Wild Horse Inmate Program (WHIP)

The CCI Wild Horse Inmate Program (WHIP) has been operating since 1986.  WHIP gained worldwide recognition through the release of “The Wild Horse Redemption” documentary, and our program design and implementation has been approved by renowned Colorado State University professor Temple Grandin.  WHIP is known mainly for its training program where incarcerated workers learned to tame and saddle-train wild horses that had never had human contact before, using “horse whisperer” training methods.  We are not currently training horses for adoption, and we are focusing on daily care and feeding of the horses at our facility.

 

WHIP has capacity for up to 2,999 horses and burros that we feed, water, vaccinate, perform hoofcare, and prepare for adoption through BLM public adoption events.

 

Incarcerated workers at WHIP learn a variety of meaningful skills, including stockmanship, animal care practices, hoof maintenance, basic vet care, importance of animal welfare, welding, heavy equipment operations and “soft skills” responsibility and accountability.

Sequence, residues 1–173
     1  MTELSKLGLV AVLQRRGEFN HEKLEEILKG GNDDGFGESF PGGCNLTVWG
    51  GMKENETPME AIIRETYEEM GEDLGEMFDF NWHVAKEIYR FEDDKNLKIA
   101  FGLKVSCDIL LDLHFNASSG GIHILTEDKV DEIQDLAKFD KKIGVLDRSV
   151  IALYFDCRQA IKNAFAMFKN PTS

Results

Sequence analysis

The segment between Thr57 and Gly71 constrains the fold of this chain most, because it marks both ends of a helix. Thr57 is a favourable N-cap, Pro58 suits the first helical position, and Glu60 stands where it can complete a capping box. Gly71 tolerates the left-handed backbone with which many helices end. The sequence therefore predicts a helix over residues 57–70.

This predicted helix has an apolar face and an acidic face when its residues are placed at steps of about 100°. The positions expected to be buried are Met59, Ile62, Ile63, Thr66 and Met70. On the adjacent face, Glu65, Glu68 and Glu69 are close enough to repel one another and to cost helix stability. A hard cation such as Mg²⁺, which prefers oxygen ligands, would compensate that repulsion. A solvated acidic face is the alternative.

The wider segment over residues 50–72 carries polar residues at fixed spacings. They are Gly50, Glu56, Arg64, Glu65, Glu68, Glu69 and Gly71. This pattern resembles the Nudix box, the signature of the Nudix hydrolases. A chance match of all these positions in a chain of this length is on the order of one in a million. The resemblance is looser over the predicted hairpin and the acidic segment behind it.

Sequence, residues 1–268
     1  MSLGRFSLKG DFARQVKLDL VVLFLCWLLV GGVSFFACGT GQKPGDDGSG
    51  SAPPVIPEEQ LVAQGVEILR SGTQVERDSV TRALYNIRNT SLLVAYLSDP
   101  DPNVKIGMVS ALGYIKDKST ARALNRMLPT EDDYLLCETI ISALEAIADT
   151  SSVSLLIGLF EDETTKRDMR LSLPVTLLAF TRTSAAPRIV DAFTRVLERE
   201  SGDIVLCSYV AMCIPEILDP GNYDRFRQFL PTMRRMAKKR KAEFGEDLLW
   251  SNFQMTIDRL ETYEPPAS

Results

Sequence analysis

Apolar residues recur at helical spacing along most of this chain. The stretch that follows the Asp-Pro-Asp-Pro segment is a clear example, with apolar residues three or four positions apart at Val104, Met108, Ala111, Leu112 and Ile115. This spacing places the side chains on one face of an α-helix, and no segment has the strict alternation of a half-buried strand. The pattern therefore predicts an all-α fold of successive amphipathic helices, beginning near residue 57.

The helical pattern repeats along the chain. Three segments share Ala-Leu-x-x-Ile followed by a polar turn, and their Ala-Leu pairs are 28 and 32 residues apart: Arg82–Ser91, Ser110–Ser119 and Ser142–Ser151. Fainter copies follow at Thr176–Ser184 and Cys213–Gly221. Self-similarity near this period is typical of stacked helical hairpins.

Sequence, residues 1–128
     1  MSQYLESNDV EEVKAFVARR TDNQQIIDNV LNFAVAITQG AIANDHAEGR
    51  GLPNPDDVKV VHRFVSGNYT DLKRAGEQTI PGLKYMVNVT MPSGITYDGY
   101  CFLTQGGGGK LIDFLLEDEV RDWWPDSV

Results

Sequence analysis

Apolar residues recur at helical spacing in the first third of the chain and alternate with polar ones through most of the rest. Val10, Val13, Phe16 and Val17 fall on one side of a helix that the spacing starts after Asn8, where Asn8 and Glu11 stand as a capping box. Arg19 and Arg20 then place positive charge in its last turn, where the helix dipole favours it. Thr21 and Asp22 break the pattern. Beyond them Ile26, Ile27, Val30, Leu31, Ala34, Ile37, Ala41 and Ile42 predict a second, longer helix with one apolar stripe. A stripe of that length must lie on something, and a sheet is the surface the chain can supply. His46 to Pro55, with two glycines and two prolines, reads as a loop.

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WHIP

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The Wild Horse Redemption is a documentary, released in 2008, about the WHIP program.  The movie trailer is on the left and it is available for streaming on Amazon Prime Video.  From Director John Zaritsky:

"At a prison in the high desert foothills of the Colorado Rocky Mountains, hardened criminals are taught the training methods  of "horse whisperers" to tame and saddle-train wild mustang horses taken from the herd that roams government lands.  Failure means one more defeat for the inmate; success could save both lives.  The Wild Horse Inmate Program (WHIP) is a unique form of rehabilitation in a system not known for it's humanity."

"As a Canadian filmmaker, I feel I have always been more interested in, and ready to tell, stories that might go against the political climate of the times.  Canadian governments are increasingly taking the U.S. example in matter of law and order as a template for changes in our own system.  That example is seen to be one of harsher punishment:  more frequent incarceration, longer sentences, less "coddling" of prisoners.  And yet here is an example of a program - in a southern U.S. state, currently Republican - that is taking the opposite approach and finding success."